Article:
- Basic point is that A-B search is good in some areas (chess), whereas UCT is good in others (go)
- Say failure of A-B in go is due to large branching factor and poor evaluation functions
- What other characteristics can make one better than the other in certain domains. This has been done a bit on real games, but the size of real games makes real analysis difficult. Idea here is to use synthetic trees that are easy to evaluate to determine strengths and weaknesses
- Corrupt (known) heuristic value by gaussian noise
- One key is that random sampling deeper in the subtree should produce a value similar to the true value for UCT to work well
- Claim that a major characteristic of games where UCT does poorly and A-B does well are games with shallow search traps, where an opponent can easily win a few moves (essentially early terminal states)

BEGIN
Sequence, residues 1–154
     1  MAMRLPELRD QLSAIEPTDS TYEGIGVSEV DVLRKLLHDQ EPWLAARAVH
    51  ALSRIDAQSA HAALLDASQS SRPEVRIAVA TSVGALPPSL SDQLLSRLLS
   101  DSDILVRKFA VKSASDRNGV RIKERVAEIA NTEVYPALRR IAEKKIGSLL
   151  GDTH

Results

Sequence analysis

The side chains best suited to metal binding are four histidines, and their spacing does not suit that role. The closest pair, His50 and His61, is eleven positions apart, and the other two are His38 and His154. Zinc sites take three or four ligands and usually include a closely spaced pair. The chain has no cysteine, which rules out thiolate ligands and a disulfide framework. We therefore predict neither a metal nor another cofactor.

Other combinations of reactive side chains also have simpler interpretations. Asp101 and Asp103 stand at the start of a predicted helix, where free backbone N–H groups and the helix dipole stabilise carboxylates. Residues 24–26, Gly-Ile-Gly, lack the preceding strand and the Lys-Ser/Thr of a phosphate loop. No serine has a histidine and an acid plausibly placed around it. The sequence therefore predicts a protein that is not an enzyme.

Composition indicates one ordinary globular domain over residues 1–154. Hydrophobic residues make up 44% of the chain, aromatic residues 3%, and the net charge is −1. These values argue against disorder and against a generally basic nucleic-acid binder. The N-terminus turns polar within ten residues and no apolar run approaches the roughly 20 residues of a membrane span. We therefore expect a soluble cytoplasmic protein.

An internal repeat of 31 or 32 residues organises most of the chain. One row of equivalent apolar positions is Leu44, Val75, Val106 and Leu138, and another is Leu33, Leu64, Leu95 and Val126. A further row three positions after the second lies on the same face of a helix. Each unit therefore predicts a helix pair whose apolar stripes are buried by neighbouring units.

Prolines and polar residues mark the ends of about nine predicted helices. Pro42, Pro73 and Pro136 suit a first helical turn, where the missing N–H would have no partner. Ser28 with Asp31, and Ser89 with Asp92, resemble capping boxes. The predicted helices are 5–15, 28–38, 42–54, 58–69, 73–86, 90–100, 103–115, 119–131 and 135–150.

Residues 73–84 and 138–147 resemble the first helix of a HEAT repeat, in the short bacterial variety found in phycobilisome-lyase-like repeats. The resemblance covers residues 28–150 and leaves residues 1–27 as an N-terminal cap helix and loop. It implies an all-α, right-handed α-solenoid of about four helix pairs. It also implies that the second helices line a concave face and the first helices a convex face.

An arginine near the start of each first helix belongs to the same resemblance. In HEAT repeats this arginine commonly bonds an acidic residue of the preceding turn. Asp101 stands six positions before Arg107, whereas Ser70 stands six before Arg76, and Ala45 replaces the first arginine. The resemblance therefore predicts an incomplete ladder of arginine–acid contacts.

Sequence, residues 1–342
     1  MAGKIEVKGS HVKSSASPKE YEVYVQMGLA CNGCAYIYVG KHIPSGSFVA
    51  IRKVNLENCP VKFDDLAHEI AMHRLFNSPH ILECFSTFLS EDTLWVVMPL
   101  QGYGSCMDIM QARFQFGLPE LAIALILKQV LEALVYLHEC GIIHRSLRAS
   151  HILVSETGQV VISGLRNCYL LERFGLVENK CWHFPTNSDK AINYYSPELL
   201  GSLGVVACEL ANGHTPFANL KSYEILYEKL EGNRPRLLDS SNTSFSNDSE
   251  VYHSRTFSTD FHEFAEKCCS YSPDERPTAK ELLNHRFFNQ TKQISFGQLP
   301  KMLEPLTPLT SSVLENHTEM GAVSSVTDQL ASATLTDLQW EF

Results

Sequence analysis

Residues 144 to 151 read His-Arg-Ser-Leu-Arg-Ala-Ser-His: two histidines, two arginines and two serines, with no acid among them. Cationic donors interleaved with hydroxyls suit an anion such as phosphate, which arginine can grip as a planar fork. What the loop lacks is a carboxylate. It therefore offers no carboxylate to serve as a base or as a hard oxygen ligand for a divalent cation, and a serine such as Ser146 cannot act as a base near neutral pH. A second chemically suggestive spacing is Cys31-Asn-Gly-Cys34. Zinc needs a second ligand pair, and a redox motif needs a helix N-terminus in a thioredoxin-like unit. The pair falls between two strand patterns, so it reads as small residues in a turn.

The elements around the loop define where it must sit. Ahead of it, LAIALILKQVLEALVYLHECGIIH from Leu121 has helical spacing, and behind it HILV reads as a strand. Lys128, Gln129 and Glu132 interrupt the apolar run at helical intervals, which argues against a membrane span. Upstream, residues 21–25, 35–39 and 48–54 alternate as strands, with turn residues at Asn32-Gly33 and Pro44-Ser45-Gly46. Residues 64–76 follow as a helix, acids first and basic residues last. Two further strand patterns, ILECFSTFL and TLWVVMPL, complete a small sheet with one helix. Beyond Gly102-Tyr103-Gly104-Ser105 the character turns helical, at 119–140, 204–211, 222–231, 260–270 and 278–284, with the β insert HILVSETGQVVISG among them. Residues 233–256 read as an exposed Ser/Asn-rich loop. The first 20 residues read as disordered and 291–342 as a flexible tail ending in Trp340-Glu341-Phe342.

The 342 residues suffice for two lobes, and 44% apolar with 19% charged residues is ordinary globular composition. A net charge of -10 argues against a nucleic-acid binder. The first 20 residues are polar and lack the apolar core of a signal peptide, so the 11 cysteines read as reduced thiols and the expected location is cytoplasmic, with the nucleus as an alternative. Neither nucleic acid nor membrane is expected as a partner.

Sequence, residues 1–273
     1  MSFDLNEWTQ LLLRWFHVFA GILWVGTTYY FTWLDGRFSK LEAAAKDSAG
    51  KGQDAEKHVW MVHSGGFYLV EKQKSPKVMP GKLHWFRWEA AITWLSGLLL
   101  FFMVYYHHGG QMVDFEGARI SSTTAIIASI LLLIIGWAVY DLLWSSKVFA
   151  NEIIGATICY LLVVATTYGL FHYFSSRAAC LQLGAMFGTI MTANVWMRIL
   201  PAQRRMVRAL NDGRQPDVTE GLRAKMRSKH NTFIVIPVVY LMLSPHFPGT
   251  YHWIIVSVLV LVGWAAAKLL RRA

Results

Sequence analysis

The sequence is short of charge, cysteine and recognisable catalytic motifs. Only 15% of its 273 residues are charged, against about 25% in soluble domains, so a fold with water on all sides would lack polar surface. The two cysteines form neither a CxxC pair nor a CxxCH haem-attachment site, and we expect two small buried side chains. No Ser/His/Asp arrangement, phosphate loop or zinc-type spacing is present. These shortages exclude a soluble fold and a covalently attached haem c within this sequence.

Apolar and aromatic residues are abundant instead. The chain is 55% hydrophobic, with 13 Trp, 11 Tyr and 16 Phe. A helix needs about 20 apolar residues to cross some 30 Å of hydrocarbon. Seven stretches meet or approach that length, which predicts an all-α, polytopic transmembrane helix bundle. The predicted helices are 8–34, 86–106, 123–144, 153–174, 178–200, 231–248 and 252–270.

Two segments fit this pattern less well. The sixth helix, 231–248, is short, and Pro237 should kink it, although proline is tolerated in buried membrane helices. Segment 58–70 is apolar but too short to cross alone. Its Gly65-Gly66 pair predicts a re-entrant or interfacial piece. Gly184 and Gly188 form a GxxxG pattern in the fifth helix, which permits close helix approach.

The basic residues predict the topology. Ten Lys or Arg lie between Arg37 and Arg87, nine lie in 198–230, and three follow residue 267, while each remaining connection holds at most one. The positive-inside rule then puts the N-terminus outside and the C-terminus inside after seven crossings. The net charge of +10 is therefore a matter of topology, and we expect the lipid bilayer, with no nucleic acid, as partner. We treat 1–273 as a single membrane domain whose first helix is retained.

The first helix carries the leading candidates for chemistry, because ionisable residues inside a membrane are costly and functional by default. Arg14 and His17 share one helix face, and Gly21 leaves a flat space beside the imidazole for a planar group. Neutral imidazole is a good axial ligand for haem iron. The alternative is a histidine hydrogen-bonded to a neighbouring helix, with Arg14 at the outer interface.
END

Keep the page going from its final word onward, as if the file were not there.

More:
- Cites a number of papers that discusses various types of synthetic search trees
- Theres a bit of math about the particular type of tree theyre using (to show accuracy of estimations of node values) that isn’t otherwise extremely interesting
- All that discussion is strange because the trees they are running their algorithms on arent enormous (depth 14), so it isn’t hard to find the real minimax value
- Oh, its over?